It might be thought that delay benefits the objectors but that is rarely the case. Like the applicants and their advisers, we all only have so long on this earth and if you have a genuinely held objection to a proposal, surely it is better to have it considered and move on!
Any paralysis in the system usually arises from an approach that “we have always done things like that”. It is an approach which has been swept aside in so many areas of our lives without harm. The procedure retains the rights of the public to play a full part in the determination of path proposals, even through to a public inquiry if really needed.
You can always talk to us about how we can help you. Call Michael Wood on 07796 958572 or email Michael at email@example.com and see what solutions there are to these issues.
The Times on 2 January carried the headline: “Homeowners win right to bar ramblers from land”, saying “Homeowners will be allowed to divert historic rights of way from their land under plans being drawn up by ministers.”
“Owen Paterson, the Environment Secretary, wants to help householders who find that walkers, horses and even motorcyclists regularly trample through their garden or past their front doors on routes that are often centuries old.”
The Telegraph also carried the item and managed to drag in the Jeremy Clarkson case on the Isle of Man and blamed the Right to Roam.
We know it is a big, complex subject but these stories are sensationalised and unhelpful to the debate that is currently under way surrounding the legislative changes proposed in the Deregulation Bill.
The Bill in draft form has been undergoing “pre-legislative” scrutiny by a Joint Committee of the Commons and Lords prior to its imminent introduction in the current parliamentary session. There was some concern that none of the rights of way changes proposed in the Bill would survive the draft stage but the Committee, reporting just before Christmas, has recommended that the proposals go forward, albeit acknowledging the considerable shortcomings of the existing legislation are left un-addressed by the proposals
In their report they said:
“We are aware that the law governing rights of way is highly contentious and commend the SWG for its achievement in reaching a consensus on the issue of recording unrecorded historic rights of way. We acknowledge also that maintaining that consensus requires the package of reforms contained in the draft Bill to be accepted as a whole.”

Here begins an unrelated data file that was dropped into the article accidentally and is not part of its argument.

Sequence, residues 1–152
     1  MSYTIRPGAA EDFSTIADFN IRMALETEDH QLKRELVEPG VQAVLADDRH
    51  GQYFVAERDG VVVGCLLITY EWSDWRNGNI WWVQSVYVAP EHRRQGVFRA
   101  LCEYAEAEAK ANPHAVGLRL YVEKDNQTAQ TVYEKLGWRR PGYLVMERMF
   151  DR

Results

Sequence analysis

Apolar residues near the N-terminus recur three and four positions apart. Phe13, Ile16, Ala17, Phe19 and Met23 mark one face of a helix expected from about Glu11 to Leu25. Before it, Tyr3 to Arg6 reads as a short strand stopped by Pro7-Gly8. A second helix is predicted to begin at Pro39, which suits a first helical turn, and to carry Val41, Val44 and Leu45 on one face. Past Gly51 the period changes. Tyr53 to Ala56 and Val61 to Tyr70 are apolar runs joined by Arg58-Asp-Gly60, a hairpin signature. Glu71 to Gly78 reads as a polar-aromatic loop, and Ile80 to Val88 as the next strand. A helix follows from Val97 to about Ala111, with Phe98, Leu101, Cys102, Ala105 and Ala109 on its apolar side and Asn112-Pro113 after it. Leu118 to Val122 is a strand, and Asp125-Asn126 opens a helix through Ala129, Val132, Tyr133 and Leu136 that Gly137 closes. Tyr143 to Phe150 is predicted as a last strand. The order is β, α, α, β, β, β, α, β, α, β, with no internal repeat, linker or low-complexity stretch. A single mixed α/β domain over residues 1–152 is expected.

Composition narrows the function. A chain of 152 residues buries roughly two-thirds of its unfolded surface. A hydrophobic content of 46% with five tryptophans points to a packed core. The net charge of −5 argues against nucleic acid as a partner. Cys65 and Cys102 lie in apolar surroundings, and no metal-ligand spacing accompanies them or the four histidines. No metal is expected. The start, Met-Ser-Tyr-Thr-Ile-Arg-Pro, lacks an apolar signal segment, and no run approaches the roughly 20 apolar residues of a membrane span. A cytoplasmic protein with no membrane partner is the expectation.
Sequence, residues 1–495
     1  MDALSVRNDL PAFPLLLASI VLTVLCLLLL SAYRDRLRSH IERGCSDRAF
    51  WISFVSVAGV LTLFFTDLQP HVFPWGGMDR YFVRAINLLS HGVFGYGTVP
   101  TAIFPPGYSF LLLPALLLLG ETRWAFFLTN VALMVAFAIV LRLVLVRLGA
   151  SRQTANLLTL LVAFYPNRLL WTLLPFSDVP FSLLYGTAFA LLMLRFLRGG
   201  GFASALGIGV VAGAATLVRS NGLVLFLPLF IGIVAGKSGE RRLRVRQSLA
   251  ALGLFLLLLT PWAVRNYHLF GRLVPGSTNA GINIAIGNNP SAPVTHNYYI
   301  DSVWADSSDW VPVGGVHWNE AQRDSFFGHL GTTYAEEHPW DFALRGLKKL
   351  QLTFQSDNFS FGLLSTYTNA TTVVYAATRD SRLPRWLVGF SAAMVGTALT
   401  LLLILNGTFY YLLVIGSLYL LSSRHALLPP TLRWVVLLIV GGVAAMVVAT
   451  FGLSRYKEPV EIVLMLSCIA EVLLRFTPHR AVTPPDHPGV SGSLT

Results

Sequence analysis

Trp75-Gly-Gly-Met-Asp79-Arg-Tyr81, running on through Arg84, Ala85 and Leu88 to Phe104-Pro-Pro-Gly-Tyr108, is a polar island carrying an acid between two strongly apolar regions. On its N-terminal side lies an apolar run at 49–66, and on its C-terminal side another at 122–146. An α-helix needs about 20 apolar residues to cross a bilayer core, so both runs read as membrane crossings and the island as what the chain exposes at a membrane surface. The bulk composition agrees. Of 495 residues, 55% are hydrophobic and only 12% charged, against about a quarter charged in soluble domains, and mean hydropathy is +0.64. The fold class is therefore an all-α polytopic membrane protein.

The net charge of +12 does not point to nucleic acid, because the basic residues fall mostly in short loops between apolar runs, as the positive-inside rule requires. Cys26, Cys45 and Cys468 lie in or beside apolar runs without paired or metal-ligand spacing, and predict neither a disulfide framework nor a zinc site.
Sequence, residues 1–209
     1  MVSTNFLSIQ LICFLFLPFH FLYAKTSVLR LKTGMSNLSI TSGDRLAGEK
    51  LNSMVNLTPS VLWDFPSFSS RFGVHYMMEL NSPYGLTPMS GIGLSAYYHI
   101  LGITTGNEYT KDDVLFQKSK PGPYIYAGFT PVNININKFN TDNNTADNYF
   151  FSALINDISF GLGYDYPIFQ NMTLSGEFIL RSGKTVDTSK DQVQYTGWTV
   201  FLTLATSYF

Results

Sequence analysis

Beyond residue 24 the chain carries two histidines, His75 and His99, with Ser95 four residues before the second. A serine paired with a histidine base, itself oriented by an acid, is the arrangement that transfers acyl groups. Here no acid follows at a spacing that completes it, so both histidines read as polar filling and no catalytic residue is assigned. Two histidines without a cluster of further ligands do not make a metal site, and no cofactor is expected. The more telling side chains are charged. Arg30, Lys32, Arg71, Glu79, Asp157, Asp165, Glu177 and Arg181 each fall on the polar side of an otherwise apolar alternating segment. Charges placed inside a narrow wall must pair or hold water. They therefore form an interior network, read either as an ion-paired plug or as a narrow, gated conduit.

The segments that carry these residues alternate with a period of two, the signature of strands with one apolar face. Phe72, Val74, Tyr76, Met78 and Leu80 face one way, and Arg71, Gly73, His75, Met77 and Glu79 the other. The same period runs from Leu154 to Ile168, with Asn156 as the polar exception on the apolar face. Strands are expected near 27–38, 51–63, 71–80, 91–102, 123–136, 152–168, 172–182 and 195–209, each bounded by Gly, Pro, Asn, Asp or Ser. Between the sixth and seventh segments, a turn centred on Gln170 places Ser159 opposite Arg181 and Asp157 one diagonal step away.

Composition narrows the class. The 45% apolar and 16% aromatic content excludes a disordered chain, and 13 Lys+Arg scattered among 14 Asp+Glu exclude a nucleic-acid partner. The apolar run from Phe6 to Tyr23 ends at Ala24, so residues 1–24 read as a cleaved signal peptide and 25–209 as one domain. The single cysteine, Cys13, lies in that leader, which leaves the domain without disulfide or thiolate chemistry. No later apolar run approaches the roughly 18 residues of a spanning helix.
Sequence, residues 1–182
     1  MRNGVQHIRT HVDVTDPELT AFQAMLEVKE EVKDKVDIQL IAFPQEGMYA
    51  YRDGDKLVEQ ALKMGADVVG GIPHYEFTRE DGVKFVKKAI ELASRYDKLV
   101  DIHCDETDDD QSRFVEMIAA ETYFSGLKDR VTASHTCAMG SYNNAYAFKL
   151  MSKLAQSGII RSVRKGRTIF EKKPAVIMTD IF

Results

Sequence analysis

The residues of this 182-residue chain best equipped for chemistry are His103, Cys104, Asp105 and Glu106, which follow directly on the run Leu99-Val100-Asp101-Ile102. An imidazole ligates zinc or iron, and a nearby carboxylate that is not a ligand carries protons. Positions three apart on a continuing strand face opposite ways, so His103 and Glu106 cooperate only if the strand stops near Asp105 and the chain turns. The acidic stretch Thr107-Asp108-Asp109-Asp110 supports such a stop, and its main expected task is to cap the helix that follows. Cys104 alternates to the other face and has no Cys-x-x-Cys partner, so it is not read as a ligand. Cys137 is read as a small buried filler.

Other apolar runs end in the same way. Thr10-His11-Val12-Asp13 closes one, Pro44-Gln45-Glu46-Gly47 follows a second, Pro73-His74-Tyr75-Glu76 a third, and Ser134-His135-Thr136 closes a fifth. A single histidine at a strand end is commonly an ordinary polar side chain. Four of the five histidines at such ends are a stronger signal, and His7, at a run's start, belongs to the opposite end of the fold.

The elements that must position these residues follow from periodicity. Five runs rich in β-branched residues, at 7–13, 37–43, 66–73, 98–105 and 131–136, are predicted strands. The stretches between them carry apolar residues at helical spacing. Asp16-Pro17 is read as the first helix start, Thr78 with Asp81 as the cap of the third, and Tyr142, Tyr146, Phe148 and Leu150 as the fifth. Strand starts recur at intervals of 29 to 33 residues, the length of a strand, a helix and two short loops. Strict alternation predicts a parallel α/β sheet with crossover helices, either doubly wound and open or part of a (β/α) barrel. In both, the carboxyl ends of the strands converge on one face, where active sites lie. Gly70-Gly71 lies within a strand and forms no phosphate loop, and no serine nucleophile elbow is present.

Note – The “SWG” is the Strategic Working Group comprising interested parties such as the Ramblers, British Horse Society, the Country Land and Business Association (CLA) and local authorities.
In respect of the various submissions about the shortcomings of the existing legislation the Committee said:
“We took the view at the outset that we would focus our attention on the clauses in the draft Bill and that we would not consider proposals for additional provisions. Given the level of public interest in rights of way, however, we draw to the attention of the Government the wider rights of way concerns raised in the course of this inquiry and urge them to take action to meet them.”
Those “concerns” were voiced to the Committee not just by the user groups but also from landowner groups including the CLA and a small but vocal group “Intrusive Footpaths”.
Put simply the Bill when finally published is likely to propose the following key changes (based on the draft Bill that has been through the scrutiny process):
One of the demands made by the Intrusive Footpath group was that there should be an automatic right to exclude any right of way from the proximity of a dwelling. Other proposals included that there should be a presumption in favour of a diversion out of a garden. These seem to be provisions hinted at by the newspapers.
The proposals in the draft Bill have been widely debated. I was asked to speak at conferences in London and Leeds in December at which the changes were discussed with presentations from Dave Waterman, heading DEFRA’s input in to this, as well as Natural England, Intrusive Footpaths and user groups. My role was to look at practical issues affecting landowners. The audience included the head of the Ramblers, the Open Spaces Society, the Byways and Bridleways Trust and others in the who’s who of rights of way.